Author(s): Paul Dano
Artist(s): Stevan Subic
Colorist(s): Stevan Subic
Letterer: Clayton Cowles
Publisher: DC Comics
Genre: Action, Adaptation, Drama, Horror, Mystery, Psychological, Thriller
Published Date: 12/27/2022
Writer Paul Dano continues the origin tale of the character he portrayed in Matt Reeves’s The Batman. As brilliant forensic accountant Edward Nashton follows the trail of illegal payments and front companies, holding on to his own sanity becomes ever more challenging. Disturbing childhood memories that include an obsession with Thomas Wayne threaten to derail him. Meanwhile, his investigation focuses on a low-level human cog in the crime machine, which leads him to a shocking conclusion that may put his own life at risk.
The Riddler: Year One is a great example of how to do a movie tie-in as well as bringing in a celebrity writer. I’m often weary of both types of books, but I am pleased with The Riddler: Year One and issue #2 continues to develop an interesting story with stunning and intense imagery. It helps to have a figure like Paul Dano attached to draw attention to the book, but the entire creative team also deserves full praise. Along with Paul Dano writing, the creative team is Stevan Subic on art duties and Clayton Cowles as letterer. Clayton Cowles does an excellent job retaining the darker tone of the series. Nashton’s narration boxes are almost black with white lettering and are constant throughout and brilliantly act as the little voice in the back of his head. Cowles also gets creative in a sequence where Nashton is spying on someone through binoculars. He had slipped an earbud into the person’s pocket and was able to overhear the conversation between said person and Nashton’s boss. The sequence is clever and well done in showing that Nashton is smart but not necessarily high tech.
Stevan Subic’s art is perfect for this series. He captures the likeness of Nashton and gritty realism of the world he inhabits without feeling distracting or daunting. Along with the gritty realism, Subic provides some really terrifying and horrific imagery ranging from gore and body horror and even some cosmic horror type creatures. It is unclear if this is actually what Nashton sees, but the delusions bridge the gap between the grounded and fantastical aspects of the Batman mythos but still feel appropriate for the world of Matt Reeves’ The Batman. Personally, I think it would be a great idea if Stevan Subic was brought on to produce some concept art for future films. I would love for the films to lean in on the horror and fantastical elements we see here.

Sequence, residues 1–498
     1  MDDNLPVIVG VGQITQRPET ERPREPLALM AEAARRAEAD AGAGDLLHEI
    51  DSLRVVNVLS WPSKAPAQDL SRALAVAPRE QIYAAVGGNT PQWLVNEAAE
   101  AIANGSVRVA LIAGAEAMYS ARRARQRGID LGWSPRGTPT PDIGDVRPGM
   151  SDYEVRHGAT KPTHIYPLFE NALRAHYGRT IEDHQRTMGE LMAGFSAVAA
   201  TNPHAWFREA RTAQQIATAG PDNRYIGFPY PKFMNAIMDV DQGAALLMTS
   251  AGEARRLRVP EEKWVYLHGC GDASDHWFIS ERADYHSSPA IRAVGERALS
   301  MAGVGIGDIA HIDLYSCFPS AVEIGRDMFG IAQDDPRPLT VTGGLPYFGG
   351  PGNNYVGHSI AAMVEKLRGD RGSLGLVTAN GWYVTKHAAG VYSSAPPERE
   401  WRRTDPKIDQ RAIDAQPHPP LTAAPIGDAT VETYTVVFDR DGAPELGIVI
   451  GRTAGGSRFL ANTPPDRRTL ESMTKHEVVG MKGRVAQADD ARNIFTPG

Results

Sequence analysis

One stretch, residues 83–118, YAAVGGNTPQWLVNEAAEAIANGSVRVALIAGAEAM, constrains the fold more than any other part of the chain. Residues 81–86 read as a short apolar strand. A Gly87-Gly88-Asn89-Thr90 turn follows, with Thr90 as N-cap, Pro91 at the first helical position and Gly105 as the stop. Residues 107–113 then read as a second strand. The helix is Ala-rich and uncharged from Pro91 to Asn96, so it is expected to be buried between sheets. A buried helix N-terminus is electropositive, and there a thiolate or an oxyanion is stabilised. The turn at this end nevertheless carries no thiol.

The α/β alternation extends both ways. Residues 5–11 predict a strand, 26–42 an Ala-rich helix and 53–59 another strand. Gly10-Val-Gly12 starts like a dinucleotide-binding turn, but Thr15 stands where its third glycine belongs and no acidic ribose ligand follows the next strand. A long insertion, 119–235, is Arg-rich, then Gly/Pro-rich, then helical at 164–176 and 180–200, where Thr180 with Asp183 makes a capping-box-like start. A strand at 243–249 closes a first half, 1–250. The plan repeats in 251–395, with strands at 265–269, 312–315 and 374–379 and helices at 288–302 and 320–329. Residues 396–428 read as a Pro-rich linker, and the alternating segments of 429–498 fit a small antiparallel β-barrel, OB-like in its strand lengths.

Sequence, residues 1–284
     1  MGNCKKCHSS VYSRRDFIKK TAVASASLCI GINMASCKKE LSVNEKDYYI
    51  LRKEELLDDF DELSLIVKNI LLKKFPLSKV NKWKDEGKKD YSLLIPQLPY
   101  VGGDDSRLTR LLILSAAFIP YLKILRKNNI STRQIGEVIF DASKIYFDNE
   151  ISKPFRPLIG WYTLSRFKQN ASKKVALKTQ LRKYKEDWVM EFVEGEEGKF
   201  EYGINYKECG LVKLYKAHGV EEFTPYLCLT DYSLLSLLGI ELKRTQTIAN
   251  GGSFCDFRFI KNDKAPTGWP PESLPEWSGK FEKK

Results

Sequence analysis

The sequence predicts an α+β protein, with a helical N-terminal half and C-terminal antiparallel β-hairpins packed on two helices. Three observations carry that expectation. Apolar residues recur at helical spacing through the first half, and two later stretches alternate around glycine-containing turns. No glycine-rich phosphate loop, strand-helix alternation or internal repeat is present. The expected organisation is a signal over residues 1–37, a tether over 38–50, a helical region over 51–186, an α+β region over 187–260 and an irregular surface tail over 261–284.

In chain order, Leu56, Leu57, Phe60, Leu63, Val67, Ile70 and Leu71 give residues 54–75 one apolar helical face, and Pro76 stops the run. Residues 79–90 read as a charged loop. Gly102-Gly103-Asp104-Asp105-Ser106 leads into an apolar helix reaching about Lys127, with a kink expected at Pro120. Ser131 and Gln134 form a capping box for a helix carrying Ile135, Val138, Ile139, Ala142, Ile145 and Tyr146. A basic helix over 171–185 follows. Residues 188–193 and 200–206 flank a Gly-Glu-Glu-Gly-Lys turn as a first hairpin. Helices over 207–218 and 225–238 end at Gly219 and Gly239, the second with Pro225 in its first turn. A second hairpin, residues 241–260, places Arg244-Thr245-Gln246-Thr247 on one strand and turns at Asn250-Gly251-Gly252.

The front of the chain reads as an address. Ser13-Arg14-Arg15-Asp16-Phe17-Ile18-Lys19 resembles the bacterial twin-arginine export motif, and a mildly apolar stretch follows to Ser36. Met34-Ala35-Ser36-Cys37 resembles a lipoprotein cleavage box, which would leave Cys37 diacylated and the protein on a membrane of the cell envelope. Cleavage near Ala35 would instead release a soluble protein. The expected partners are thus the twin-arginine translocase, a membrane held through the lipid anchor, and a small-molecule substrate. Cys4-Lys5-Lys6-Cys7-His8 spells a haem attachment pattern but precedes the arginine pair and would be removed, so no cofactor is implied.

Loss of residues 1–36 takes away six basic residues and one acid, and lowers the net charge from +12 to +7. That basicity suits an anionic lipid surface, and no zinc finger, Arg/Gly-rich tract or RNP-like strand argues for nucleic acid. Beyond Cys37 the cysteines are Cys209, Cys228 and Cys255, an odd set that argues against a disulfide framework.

Dano has a keen understanding of the character and is giving readers a deeply personal look at the man we saw in the film. Even going into The Riddler: Year One #2, I was still a little worried about what this series would do for the character. Luckily, Dano doesn’t glorify or change the meaning behind his actions in the film, but does add some believable development and a nice glimpse at the nightmare it is to live and work in Gotham City. Imagine if Dwayne Johnson was given the chance to write a Black Adam tie-in? Things could get very out of hand but Dano is respectful to source material as well as the comic medium.
The Riddler: Year One #2 is a must-read for fans of The Batman. Paul Dano, Stevan Subic, and Clayton Cowles give readers a compelling look at the Riddler before he decided to take all of Gotham City down. I am looking forward to seeing where this series goes.
Wolverine taught me that hairy dudes can still get the girl. Providence, Rhode Island professor and writer utilizing comic books in any way possible. If I’m not at a Dunkin Donuts, hiking, or at a concert, you can most likely find me walking to the comic book shop with an ice cold bottle of coke in hand. Follow me on Twitter @BroncoNova
Your email address will not be published. Required fields are marked *
This site uses Akismet to reduce spam. Learn how your comment data is processed.